The second way is to get the actual abortion over with, swift as you please, but it’s very important that the character who undergoes the abortion does so for socially unacceptable (but completely rational) reasons like her career, or just because she’s not ready to have a child yet. Afterwards, the character is either villainised or seen regretting her decision due to some bad karma from ‘refusing the gift of life,’ mostly in the form of some chauvinistic man leaving her after becoming privy to her ‘moral failings.’ Read movies like Aitraaz.
But let’s stick to the point here. Making what should otherwise be a rational, well-informed decision by a woman into a spectacle for hundreds of busybodies to exercise their skills in meddling is pretty darn ridiculous.
Most people consider it a big step forward that an Indian show can even talk about abortion. But treatment is everything when it comes to media. This kind of dramatisation is only going to reiterate the idea that abortion is everybody’s business except the woman’s.
So how do we want Indian reality television shows to portray women’s issues?
A few years ago, a reality TV show with a fairly unheard of premise in Indian television at least, came to Zee TV in the form of Connected Hum Tum. The show followed the lives of six women navigating work, love and life in Mumbai, completely unknown to each other but tethered together by the universality of The Female Experience™.
Here was a show that looked at the world purely from a woman’s perspective, complete with all the multi-dimensionality and nuances that are so painfully absent from mainstream Indian television shows.
Connected Hum Tum followed themes that we’d seen before like wedding anxiety and overbearing family members, but captured a whole new element that has always been missing in Indian TV, which is sadly a reflection of Indian society as a whole. Whether it was Pallavi’s refusal to compromise on her career to be the ‘woman of the house’ or Mahima’s attempts to move out of her sister’s shadow, these challenges were encountered and dealt with in a way that had never been seen on Indian TV, partially because the premise itself allowed for fluidity and freer expression.
It’s not just the premise that was unheard of, or even its ability to seamlessly put the ‘reality’ in reality television. It was the fact that these experiences gained a whole new meaning when they were vocalised by women. In Connected Hum Tum, life’s everyday challenges were experienced and narrated solely from a woman’s perspective, unadulterated and unbiased. Here, we were presented with beautiful, funny and flawed women who refused to be put in the boxes so often devised by reality shows to confine and define them.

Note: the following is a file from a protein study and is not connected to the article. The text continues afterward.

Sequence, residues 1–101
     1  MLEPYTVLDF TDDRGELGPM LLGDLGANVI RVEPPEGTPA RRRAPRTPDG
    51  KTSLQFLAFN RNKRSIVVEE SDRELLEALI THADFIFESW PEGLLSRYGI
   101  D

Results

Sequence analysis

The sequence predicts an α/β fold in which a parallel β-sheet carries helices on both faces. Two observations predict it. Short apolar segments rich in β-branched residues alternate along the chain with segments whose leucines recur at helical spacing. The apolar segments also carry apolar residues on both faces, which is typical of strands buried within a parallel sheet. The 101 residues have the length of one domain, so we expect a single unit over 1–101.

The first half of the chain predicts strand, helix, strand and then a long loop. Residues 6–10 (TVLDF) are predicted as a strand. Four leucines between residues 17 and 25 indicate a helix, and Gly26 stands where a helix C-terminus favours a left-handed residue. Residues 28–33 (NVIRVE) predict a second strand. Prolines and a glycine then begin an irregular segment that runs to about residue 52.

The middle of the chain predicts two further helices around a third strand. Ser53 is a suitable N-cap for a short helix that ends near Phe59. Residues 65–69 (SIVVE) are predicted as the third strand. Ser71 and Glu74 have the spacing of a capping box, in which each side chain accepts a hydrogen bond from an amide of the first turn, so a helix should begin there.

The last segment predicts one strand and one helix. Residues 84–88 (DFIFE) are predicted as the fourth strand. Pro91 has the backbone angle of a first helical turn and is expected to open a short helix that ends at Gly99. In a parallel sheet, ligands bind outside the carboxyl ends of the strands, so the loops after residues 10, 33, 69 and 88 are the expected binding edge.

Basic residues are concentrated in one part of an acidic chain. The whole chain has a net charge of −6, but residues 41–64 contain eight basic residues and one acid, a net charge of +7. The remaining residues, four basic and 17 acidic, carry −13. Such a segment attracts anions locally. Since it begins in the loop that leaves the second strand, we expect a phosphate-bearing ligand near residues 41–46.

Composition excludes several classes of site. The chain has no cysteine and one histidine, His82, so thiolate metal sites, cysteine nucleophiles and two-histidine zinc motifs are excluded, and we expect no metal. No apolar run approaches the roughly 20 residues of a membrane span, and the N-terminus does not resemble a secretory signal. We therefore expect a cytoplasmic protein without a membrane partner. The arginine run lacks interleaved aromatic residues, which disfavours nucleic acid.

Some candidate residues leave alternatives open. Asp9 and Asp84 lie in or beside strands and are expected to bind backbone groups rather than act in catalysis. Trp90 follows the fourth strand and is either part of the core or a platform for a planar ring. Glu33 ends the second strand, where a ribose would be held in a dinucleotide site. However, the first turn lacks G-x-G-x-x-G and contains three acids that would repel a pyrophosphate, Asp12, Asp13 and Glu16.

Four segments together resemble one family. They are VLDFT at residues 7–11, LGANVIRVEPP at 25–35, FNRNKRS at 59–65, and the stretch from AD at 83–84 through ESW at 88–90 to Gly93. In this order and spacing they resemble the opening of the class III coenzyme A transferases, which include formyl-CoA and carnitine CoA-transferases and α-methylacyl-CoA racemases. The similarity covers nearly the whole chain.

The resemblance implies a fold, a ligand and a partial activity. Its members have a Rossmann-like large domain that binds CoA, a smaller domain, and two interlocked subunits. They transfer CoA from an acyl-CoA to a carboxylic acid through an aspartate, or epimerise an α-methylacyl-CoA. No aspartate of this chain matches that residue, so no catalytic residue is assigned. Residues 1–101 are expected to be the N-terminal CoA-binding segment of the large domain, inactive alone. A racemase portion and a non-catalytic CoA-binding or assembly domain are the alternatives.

Connected Hum Tum may not have tackled the topic of abortion, but imagine if it did. We would get to see a whole new world. One of uncertainty and guilt, but also the indomitable spirit of a woman who demands bodily autonomy.
We are not saying that abortion as a topic must be stayed away from, or that it must be limited to a certain perspective. Plenty of positive portrayals of abortion have been found in media and television. Although Indian media has left a lot to be desired in this realm, shows like The Fosters or even BoJack Horseman have achieved the perfect balance. Light-hearted but not nonchalant. Wry but not devoid of emotion.
To simply raise the question of abortion isn’t adequate if women are going to be talked over or spoken for like in the case of Zindagi Ke Crossroads.
Women’s groups in India are still fighting for the right to terminate a pregnancy even when it does fall under the Medical Termination of Pregnancy Act, 1971. Who can forget the 10-year-old in Chandigarh who was forced to give birth because the courts denied her the right to abortion? The MTP Act states that a pregnancy can be terminated after 20 weeks only if it fulfils one or more of a set of conditions which include failure of contraception, rape, or endangerment to the life of either the woman or child.
In a country where pro-choice debate is a distant possibility, for reality TV to exploit the matter for ratings and do a horrible job of it, does nothing at all to help women fighting for basic bodily autonomy.
Co-published with Firstpost.